Kids love gardens! They’re a great place to play in and explore, at least as long as they’re kept safe. It can be a bit tricky to pull together a garden for the whole family, but it’s definitely possible, and with a bit of advice from Olive Grove I’ve been able to narrow down 7 ways to get the perfect family summer garden. Get the kids involved! A garden for the family should be planned by the family, not just by the adults. Let your kids get stuck in and give them time to find “their” area (the bit they like to play in the most) so you know not to cover it up or pave over it. If they’re less of the playing type, why not let them help plant seeds or ask them what kind of thing they’d like to play with in the ‘new’ garden? Be careful with water Accessible ponds and natural pools can be a lovely decoration, but they’re a big danger to children and family pets. A few inches is more than enough for a child to drown in, and even if they’re just sitting in the water, it could end up being really really cold! That’s not to say you should get rid of all the water, but you should definitely make it inaccessible to younger members of the family. Bordering off a pond or capping a water barrel can go a long way to keeping your garden safe. Always have a shared space It can be tempting to split your garden into the ‘play area’ and the ‘adult’s area’, but it’ll do your family no harm to mix them together a little bit! Putting most of the seating in the middle of the garden might help here, since it’ll draw the whole family towards the same area. Guests should also be considered – they might not be comfortable staying in a defined area, so it’s important to accommodate everybody in each area of the garden – even something as simple as some children’s chairs near the adult’s tables or a bench near the children’s area could work just fine! Get involved in DIY DIY projects can be a great way to make your garden a more accessible space – building a treehouse might be a bit out of your league, but you could always make a wooden shelter for your children to play in and around. For the adults, you could try making a canvas shelter sail to give you more protection from the rain, or some entirely DIY furniture that everybody could help build! Use suitable surfaces Gardens are never just grass – you’ll have patios, stone paths and dirt areas, all of which are a lot less soft. Kids might like playing on something that’s a bit more solid, but falling over could seriously hurt them! If they’re adamant about fooling around on your patio or porch, give them a thick blanket to try and break their fall. Even if they still hurt themselves, at least they won’t get splinters or cuts: just a little bump. Don’t overextend your ideas If your garden is too small to use as a full-sized playground for your kids, try giving them something a bit more improvised. If you’re adding a lot of hedges, you can turn it into a hide-and-seek area (or bring out the water pistols when summer rolls around)! That’s not to say you should try something more exotic – plant some palm trees or add some foreign decorations and give your garden a unique twist! Spend time out there The most important secret to a good family garden is to keep using it – family members, both children and adults alike, definitely benefit from the time they spend together, so using the space as often as possible makes a huge difference. Plus, it gives you an excuse to change things around now and then. Let your children grow up alongside your garden, and eventually it might become more important to the household then the living room!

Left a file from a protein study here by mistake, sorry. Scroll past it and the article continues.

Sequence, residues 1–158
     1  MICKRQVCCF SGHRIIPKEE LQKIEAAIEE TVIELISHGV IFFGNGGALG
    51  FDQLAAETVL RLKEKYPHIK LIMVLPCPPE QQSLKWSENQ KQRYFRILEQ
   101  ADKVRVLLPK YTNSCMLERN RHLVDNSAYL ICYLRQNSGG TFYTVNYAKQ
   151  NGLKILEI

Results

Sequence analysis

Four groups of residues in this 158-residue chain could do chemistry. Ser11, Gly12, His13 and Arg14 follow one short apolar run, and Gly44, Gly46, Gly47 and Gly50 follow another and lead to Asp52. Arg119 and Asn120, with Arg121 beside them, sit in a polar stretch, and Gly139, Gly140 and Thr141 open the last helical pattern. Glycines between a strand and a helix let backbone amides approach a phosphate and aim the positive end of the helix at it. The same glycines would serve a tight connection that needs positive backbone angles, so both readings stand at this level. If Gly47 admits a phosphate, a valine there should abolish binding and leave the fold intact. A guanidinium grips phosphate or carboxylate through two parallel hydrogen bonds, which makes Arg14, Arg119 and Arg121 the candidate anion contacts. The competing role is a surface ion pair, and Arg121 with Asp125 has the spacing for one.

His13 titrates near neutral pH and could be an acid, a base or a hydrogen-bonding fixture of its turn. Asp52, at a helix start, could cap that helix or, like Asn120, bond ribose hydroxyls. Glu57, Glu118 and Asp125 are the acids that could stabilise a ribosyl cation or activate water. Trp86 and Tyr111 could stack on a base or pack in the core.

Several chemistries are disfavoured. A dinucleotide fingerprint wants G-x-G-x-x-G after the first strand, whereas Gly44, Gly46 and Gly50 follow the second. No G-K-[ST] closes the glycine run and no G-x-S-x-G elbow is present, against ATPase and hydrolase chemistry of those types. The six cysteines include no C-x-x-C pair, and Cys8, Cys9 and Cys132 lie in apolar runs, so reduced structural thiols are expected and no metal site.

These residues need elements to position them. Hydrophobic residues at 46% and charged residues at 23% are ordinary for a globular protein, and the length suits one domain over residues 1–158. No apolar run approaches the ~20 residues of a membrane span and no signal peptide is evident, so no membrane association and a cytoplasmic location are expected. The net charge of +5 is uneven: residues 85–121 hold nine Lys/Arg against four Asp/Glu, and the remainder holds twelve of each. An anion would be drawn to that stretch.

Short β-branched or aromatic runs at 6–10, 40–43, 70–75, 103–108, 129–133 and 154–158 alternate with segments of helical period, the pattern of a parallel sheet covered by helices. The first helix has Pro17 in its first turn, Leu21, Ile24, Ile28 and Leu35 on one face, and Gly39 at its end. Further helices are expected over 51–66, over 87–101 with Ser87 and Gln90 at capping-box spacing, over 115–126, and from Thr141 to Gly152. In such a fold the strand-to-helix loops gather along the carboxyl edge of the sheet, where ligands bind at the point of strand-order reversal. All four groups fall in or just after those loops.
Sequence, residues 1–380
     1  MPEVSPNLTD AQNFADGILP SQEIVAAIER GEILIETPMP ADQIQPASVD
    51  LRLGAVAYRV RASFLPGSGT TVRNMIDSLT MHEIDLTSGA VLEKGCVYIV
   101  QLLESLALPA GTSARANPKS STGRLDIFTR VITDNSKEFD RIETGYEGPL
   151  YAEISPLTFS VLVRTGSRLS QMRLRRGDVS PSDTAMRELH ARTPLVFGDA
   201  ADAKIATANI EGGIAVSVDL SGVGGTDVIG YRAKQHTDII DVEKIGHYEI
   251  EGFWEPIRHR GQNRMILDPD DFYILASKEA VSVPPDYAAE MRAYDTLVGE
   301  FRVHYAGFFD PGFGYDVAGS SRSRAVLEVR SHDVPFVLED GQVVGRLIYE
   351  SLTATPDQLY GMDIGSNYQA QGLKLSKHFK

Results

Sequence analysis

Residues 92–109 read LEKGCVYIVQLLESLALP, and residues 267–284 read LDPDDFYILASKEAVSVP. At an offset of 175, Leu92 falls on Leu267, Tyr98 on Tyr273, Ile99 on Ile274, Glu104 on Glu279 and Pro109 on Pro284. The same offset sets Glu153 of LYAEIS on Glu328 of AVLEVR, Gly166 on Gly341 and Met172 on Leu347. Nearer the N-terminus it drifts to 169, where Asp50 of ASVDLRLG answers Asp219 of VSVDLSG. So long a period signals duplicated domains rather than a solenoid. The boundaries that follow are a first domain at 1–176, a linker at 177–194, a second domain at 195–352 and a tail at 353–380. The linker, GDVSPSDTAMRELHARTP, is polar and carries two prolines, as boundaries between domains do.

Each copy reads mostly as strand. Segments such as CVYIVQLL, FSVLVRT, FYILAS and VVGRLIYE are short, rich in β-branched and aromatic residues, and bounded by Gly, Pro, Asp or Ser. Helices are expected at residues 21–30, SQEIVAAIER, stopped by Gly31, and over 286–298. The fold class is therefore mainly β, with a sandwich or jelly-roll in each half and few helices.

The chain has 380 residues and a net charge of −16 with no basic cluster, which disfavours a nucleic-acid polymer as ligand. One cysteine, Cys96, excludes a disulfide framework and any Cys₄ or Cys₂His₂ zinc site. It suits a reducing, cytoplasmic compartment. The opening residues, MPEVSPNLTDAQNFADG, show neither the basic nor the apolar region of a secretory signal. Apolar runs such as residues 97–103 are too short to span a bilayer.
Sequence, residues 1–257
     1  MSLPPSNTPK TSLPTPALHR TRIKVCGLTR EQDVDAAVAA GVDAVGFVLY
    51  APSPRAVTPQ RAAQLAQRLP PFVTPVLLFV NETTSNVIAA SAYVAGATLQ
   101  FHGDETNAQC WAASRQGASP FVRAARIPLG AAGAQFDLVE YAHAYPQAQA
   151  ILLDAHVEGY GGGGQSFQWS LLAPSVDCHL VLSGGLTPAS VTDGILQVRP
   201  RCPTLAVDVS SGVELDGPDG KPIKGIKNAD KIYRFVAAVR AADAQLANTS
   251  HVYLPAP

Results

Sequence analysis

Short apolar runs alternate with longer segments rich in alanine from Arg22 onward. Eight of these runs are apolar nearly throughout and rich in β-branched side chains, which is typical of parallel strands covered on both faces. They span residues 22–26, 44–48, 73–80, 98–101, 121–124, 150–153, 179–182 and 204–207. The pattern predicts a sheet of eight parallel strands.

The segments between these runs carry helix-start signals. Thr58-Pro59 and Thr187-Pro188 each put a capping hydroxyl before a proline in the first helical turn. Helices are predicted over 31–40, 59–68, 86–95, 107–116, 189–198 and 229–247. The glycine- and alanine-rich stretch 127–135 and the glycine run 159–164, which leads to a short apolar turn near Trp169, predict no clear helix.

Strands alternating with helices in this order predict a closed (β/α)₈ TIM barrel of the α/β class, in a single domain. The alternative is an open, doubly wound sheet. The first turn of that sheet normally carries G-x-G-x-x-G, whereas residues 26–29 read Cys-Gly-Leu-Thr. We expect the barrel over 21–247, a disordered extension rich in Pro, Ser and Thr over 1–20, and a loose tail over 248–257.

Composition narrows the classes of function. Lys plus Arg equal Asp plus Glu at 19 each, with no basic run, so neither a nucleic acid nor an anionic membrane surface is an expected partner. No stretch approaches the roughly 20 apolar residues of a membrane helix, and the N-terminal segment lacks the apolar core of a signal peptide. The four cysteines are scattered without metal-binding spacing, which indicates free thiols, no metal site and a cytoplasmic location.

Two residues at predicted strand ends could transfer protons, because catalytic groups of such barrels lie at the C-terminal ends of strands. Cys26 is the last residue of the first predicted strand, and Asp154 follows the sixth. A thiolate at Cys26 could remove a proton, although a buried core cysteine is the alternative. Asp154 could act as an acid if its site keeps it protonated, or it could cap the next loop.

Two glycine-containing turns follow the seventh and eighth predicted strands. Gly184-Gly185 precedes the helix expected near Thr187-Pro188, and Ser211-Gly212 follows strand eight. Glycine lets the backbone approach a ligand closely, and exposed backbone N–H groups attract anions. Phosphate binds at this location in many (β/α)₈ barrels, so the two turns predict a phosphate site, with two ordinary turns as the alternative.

7 Ways To Get The Perfect Family Summer Garden